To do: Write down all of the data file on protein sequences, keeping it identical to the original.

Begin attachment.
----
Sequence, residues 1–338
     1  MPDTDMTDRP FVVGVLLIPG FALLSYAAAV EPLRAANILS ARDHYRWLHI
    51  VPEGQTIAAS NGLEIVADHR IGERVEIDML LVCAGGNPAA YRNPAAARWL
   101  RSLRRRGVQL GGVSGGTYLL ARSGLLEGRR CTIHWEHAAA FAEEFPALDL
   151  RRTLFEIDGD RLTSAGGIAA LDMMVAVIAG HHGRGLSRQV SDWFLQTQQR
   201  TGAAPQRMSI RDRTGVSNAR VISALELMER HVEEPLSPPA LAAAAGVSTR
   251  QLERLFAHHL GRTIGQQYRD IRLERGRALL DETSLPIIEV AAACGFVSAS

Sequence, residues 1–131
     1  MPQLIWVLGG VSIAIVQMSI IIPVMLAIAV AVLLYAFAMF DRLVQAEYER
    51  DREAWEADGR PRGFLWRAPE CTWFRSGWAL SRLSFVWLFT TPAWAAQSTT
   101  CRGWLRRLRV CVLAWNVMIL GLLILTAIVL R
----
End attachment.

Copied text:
Sequence, residues 1–338
     1  MPDTDMTDRP FVVGVLLIPG FALLSYAAAV EPLRAANILS ARDHYRWLHI
    51  VPEGQTIAAS NGLEIVADHR IGERVEIDML LVCAGGNPAA YRNPAAARWL
   101  RSLRRRGVQL GGVSGGTYLL ARSGLLEGRR CTIHWEHAAA FAEEFPALDL
   151  RRTLFEIDGD RLTSAGGIAA LDMMVAVIAG HHGRGLSRQV SDWFLQTQQR
   201  TGAAPQRMSI RDRTGVSNAR VISALELMER HVEEPLSPPA LAAAAGVSTR
   251  QLERLFAHHL GRTIGQQYRD IRLERGRALL DETSLPIIEV AAACGFVSAS

Sequence, residues 1–131
     1  MPQLIWVLGG VSIAIVQMSI IIPVMLAIAV AVLLYAFAMF DRLVQAEYER
    51  DREAWEADGR PRGFLWRAPE CTWFRSGWAL SRLSFVWLFT TPAWAAQSTT
   101  CRGWLRRLRV CVLAWNVMIL GLLILTAIVL R